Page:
Vandalia, Trotwood voters to decide on utility aggregation programs in November election



Cities attempt to help residents affected by rising utility costs

Two more Dayton suburbs are considering new utility aggregation programs to negotiate competitive prices for residents, in response to rising electricity and natural gas service rates.

Butler Twp. voters approved an opt-out electric aggregation program in November 2016, and Huber Heights has offered energy aggregation since 2017. Other cities, like Vandalia and Trotwood are now considering implementation of similar programs.

Both Vandalia and Trotwood, during council sessions held Tuesday, approved resolutions to give voters the final say at the polls this November.

“The city of Trotwood wants to provide its residents an opportunity to lower their electric and gas rate through government aggregation, which is an easy, effective way for a large group of consumers to gain group buying power for the purchase of competitively priced electric and natural gas,” Trotwood City Manager Quincy Pope said.

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Pope noted that even if the aggregation programs are approved by voters, residents will always have the choice of whether to participate or opt-out.

“Voting for aggregation does not mean you have to participate. If you already have chosen an alternate supplier and aggregation of electric and gas is approved by the voters, you can stay with your chosen supplier,” he said.

Vandalia City Manager Dan Wendt has said he supports giving voters the opportunity to weigh in on the proposed programs, but raised the question of how much government input is too much.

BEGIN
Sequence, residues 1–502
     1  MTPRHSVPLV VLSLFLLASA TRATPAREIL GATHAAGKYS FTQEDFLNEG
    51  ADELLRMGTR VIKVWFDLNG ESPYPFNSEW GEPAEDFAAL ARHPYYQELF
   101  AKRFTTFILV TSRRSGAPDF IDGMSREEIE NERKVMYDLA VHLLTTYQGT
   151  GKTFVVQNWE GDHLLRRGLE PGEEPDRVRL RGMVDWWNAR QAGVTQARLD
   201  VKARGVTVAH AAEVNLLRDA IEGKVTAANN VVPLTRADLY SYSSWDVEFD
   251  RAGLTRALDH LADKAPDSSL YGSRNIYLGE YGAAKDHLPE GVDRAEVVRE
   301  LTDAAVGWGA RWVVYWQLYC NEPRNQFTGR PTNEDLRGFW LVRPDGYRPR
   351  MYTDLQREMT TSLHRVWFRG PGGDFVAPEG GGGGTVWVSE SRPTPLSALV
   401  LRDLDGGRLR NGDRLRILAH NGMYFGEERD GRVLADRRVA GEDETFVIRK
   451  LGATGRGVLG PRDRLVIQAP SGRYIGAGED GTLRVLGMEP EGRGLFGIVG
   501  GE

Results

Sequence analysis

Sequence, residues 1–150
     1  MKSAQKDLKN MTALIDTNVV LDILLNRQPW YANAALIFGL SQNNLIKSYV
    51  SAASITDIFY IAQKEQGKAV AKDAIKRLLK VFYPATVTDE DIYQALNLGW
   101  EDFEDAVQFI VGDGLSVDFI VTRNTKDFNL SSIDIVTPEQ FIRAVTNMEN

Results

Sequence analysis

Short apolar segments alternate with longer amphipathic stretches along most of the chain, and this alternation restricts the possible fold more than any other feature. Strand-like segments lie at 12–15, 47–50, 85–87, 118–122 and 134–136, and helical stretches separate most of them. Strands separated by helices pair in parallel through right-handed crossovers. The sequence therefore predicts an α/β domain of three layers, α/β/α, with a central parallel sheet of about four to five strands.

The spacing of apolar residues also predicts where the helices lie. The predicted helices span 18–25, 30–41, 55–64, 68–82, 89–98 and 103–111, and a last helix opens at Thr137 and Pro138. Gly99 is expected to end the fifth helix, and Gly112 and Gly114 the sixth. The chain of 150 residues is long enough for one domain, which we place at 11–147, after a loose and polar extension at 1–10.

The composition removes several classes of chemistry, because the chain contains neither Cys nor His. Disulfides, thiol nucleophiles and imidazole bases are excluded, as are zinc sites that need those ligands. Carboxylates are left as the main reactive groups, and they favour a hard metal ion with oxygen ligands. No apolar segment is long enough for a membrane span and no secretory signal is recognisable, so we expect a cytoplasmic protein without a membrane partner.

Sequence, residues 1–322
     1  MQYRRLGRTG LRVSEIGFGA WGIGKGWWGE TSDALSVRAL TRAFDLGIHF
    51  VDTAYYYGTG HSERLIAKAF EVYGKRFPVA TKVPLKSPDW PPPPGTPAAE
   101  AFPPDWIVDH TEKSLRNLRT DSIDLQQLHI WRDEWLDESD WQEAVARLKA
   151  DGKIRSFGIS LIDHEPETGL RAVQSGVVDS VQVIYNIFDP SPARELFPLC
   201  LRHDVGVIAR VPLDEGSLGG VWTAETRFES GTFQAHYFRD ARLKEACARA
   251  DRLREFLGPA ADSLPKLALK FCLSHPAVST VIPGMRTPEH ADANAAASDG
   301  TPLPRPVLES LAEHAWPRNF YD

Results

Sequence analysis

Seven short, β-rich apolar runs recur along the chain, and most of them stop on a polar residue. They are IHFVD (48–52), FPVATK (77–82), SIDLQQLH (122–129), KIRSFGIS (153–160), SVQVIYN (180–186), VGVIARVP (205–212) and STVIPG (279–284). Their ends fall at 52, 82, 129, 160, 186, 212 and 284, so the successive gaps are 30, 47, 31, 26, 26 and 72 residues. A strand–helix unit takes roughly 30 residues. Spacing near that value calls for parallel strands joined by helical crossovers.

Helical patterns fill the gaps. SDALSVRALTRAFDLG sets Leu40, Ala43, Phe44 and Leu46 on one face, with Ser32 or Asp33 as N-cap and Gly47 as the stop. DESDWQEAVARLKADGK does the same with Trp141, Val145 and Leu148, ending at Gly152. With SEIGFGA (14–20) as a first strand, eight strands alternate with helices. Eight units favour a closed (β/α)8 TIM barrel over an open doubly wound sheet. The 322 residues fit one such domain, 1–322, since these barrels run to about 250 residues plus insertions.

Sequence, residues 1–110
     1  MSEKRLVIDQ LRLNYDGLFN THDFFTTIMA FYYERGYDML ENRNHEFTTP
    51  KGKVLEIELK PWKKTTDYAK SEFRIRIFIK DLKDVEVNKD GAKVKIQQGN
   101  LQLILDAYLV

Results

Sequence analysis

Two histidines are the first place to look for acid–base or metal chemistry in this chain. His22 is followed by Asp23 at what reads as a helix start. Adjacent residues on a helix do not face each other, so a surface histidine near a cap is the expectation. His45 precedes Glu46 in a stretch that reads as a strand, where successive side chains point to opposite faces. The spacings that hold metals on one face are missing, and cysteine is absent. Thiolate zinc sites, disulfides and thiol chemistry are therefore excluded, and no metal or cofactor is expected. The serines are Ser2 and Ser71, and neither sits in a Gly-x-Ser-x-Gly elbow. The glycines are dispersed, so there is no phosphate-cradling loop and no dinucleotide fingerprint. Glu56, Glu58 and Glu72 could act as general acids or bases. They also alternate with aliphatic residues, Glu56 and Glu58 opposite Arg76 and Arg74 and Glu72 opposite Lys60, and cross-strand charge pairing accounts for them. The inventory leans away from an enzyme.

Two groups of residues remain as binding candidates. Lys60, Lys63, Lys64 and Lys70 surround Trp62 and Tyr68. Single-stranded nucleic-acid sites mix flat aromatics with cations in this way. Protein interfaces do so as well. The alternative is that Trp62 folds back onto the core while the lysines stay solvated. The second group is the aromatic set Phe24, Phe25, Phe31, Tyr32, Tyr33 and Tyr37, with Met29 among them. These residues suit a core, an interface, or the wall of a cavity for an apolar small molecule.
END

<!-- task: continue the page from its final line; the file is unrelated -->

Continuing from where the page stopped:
“I always ask myself how much government do we want and does the local government, which does not provide gas or electric as a utility, have a place negotiating on behalf of residents?” he said last week.

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Wendt noted that residents already have the option to select an aggregation program directly through Energy Choice Ohio, adding that the city’s proposed opt-out program would provide a benefit to those who may not otherwise attempt to negotiate a better rate than what they were automatically enrolled in through their energy provider.

The price of electricity has risen nationwide, and inflation, natural gas cost increases, supply chain problems and other issues — like growing post-pandemic demand for power — are complicating factors, officials have said.

As of June 1, AES Ohio’s price became 10.91 cents per kilowatt-hour (kWh), up from its “standard offer” price of 4.805 cents. A kilowatt-hour is how much energy you need to run a 1,000-watt appliance for an hour. A 100-watt bulb takes 10 hours to use a kilowatt-hour of energy. A 2,000-watt appliance takes 30 minutes.

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